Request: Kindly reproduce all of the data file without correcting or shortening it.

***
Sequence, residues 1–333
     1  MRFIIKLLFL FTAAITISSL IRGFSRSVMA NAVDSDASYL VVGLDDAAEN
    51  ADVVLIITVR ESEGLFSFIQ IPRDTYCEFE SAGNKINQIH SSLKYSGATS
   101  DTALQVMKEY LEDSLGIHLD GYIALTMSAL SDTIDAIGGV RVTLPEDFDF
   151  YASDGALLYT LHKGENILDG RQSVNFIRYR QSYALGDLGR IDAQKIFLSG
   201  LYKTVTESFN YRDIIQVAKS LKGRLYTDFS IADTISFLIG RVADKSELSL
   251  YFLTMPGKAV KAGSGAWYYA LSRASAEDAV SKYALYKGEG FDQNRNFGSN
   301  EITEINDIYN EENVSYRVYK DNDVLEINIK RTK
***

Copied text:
Sequence, residues 1–333
     1  MRFIIKLLFL FTAAITISSL IRGFSRSVMA NAVDSDASYL VVGLDDAAEN
    51  ADVVLIITVR ESEGLFSFIQ IPRDTYCEFE SAGNKINQIH SSLKYSGATS
   101  DTALQVMKEY LEDSLGIHLD GYIALTMSAL SDTIDAIGGV RVTLPEDFDF
   151  YASDGALLYT LHKGENILDG RQSVNFIRYR QSYALGDLGR IDAQKIFLSG
   201  LYKTVTESFN YRDIIQVAKS LKGRLYTDFS IADTISFLIG RVADKSELSL
   251  YFLTMPGKAV KAGSGAWYYA LSRASAEDAV SKYALYKGEG FDQNRNFGSN
   301  EITEINDIYN EENVSYRVYK DNDVLEINIK RTK